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Node.js Express

What is Express

Express is a fast, unopinionated, minimalist web framework for Node.js. Using the library jsonwebtoken we can create an auth server that generates JWT tokens Hasura can understand and use.

How to Integrate Express with Hasura

Add Admin Secret to Hasura

To use authentication with Hasura first we need to set an admin secret via the HASURA_GRAPHQL_ADMIN_SECRET environment variable. For this tutorial, we'll use myadminsecretkey

Create User Table

In Hasura create a user table to store our user's information:

  • id of type UUID with default value gen_random_uuid() (Primary key)
  • email of type Text (unique)
  • password of type Text

After creation, we need to add permissions for the user role. Users should be able to see only their records.

Configure the user role to deny all permissions except selecting where id _eq X-Hasura-User-Id. For more information, read about configuring permission rules in Hasura.

Hasura Permissions

Create Express Server

Setup Boilerplate

In your empty project folder run npm init and change the start script to ts-node src/index.ts

Install development dependencies

npm i -D ts-node typescript @types/bcrypt @types/express @types/jsonwebtoken @types/node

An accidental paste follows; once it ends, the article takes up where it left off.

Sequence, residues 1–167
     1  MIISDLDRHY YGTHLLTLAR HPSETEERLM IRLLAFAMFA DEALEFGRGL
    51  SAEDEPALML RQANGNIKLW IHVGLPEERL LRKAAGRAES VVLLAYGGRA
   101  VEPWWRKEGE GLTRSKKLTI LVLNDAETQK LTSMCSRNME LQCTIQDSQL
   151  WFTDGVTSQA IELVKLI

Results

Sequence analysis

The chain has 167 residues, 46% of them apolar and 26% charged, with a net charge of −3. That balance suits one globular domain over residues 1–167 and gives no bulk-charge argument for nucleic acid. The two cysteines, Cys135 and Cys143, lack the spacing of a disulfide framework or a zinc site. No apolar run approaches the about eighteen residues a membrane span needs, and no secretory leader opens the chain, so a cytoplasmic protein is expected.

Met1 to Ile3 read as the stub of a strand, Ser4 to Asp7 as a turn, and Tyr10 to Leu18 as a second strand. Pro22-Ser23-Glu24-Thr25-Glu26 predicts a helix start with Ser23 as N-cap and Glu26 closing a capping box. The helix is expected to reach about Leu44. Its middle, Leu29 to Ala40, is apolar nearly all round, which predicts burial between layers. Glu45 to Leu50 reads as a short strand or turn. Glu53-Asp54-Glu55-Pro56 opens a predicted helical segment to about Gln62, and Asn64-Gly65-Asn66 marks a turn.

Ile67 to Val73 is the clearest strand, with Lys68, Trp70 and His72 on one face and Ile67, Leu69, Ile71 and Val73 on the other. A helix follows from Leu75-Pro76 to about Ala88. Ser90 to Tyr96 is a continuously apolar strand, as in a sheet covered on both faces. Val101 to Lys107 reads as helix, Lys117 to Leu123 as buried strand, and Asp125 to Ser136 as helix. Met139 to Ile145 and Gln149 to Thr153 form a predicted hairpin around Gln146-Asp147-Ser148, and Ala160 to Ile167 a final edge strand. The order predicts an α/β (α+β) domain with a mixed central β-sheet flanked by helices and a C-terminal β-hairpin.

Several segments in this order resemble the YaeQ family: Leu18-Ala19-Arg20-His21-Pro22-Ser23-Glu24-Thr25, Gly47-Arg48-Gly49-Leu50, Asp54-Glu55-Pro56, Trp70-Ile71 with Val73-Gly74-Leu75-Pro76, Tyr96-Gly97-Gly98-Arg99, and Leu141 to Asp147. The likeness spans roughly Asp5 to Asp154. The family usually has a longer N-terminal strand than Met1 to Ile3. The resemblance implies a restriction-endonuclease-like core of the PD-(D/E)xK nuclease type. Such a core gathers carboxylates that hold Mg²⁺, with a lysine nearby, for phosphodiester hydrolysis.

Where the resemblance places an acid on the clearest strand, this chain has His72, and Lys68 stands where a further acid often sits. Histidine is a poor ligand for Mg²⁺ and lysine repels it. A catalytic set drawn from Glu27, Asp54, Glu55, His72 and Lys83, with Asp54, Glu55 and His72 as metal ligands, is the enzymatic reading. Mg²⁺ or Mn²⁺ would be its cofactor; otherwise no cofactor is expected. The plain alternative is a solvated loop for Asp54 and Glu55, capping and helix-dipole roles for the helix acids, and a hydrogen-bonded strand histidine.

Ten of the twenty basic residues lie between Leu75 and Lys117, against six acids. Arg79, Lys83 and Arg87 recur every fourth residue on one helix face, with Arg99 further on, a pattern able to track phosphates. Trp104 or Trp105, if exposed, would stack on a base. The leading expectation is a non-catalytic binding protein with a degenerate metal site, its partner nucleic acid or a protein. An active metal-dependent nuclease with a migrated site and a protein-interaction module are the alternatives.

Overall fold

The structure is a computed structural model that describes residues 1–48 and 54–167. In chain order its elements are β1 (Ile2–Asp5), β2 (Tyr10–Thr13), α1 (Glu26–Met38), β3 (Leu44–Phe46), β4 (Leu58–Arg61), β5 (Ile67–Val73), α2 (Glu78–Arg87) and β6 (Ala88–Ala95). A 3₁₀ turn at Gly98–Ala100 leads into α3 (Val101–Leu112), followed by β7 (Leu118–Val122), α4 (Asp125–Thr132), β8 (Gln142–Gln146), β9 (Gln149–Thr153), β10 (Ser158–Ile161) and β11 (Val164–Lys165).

and regular dependencies

npm i bcrypt express graphql-request jsonwebtoken

Create src/index.ts

import express, { Request, Response } from "express";
const app = express();
const port = process.env.PORT || 3000;
// Parse JSON in request bodies
app.use(express.json());
app.listen(port, () => {
console.log(`Auth server running on port ${port}.`);
});

Test that it works by running npm run start

Setup JWT Generation

The custom JWT claims are needed because they tell Hasura about the role of the user making the API call. This way, Hasura can enforce the appropriate authorization rules. The rules define what the user is allowed to do.

Using the jsonwebtoken library we are going to sign a JWT with user info when they login.

Copy the JWT code from the Hasura Super App into src/jwt.ts

import * as jwt from "jsonwebtoken";
const HASURA_GRAPHQL_JWT_SECRET = {